What Should You Know About Surplus Distribution
There’s a rare bit of good news for every policyholder in Saudi Arabia: Your insurance company may actually owe you money! That’s right. If you bought comprehensive or TPL car insurance previously, the odds are pretty good that you are due a rebate. In insurance terms, this “rebate” is called surplus distribution. According to SAMA, insurance companies must send rebates, if they take in more money than they need to pay claims and cover operating expenses.
Policyholders can choose to transfer the surplus amount to their bank accounts or use it as an outstanding balance for cheaper insurance renewal. In this article, we’ll explain where surplus comes from, determine who is eligible to receive it, and how to get your share.
Let’s get into the details!
What Does Surplus Mean in Insurance?
According to economy, a budget surplus ocssurs when a company spends less money than it takes in. In insurance, surplus is the gap between the price that policyholder pay to cover their cars —based on their risk—and the price insurers actually pay for covering their claims. A surplus is actually an indication of a company’s wellbeing and excellent financial management.
When Does a Surplus Occur?
At its most basic level, an insurance company will be in surplus budget when the income (premimums) is greater than the expenditure in the same time frame, such as the finincal year.
Typically, insurance company collects enough money to cover everyone. Let’s assume that a company collects an amount of 10 million riyals from policyholders during the year; insurers will use this money to pay claims and cover other operation expenses. So, suppose, that in this year the insurance compay receives less claims than expected; because of that the company will only have to pay 5 millions riyal to cover claims.Obviously, this will leave the company with a surplus of 5 million riyals. Eventually, the insurance company will have to distubute this surplus among the policyholders.
Surplus Distribution Eligibility
As per SAMA’s Surplus Distribution Policy instructions, every policyholder is eligible to get 10% of the net surplus from the insurance operations, provided that:
- They had a valid insurance policy during the surplus year. Bear in mind, that insurers will exclude expired or canceled insurance policies. This also applies to insurance policies that are canceled after transferring vehicle ownership.
- Policyholder’s claims during the surplus year should be less than 70% of their insurance premiums.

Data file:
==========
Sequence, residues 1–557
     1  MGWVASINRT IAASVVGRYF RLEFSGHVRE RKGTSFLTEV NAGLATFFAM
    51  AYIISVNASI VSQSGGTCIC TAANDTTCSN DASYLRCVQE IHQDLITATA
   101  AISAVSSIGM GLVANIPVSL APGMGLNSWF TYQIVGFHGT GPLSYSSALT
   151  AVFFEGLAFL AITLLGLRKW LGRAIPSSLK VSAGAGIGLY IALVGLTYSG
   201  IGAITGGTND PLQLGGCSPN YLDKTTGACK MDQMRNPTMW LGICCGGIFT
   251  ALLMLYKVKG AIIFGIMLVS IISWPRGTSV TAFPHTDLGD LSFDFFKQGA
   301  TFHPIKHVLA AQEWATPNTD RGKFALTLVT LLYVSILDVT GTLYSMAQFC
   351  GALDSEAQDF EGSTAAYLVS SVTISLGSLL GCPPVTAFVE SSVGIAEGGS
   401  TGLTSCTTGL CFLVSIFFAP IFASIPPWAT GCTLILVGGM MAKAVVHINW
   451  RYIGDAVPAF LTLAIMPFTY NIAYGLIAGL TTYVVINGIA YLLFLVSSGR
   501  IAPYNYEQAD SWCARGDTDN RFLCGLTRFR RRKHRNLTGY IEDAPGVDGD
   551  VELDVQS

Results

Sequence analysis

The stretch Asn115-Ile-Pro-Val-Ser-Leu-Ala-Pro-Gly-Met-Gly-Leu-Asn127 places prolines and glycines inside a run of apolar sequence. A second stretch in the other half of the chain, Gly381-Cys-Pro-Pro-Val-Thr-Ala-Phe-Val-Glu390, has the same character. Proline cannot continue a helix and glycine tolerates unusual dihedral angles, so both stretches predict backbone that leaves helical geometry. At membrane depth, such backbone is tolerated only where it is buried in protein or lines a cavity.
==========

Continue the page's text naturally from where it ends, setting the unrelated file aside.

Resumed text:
- There shall be no pending dues in favor of the insurance company on the policyholder’s account. In case of pending payments, the insurance company will deduct your surplus share to settle the amount first.
Each insurance company must announce surplus distribution and it shall notify eligible customers through SMS. So, be alert to any message you get from your insurer and keep your contact information updated!
It’s also worth checking to see whether your previous insurance owes you money from the past. Here’s how to do it if you need to validate your eligibility for previous years. Google your insurance company name + Surplus Distribution; most insurers will have a page where you can check by entering your national ID / Iqama number.
What happens to the surplus amount?
As explained, any remaining amounts from insurance premiums belong to the policyholders. Mainly, insurance companies use 3 methods to distribute the amount of insurance surplus, as follows:
- Through a direct bank transfer to the policyholder’s account.
- Use the surplus as a rebate on car insurance renewal.
- Keep it in the policyholder’s account as an outstanding balance. Additionally, the policyholder can authorize the company to donate the amount to accredited charities.
Please note that you have the right to claim the insurance surplus within 10 years of its announcement.
In conclusion, if you ever feel low on cash, spend some time searching for your unclaimed money! And the next time you buy insurance, be sure to compare car insurance rates for companies that have managed to run a surplus in the past years; Because the surplus is an excellent indicator of claims management in insurance companies. Plus, if you think about it, a company that can generate a surplus for several years can help you save on what you pay; The more efficient the company is in paying claims and covering operational costs, the lower the insurance prices will be!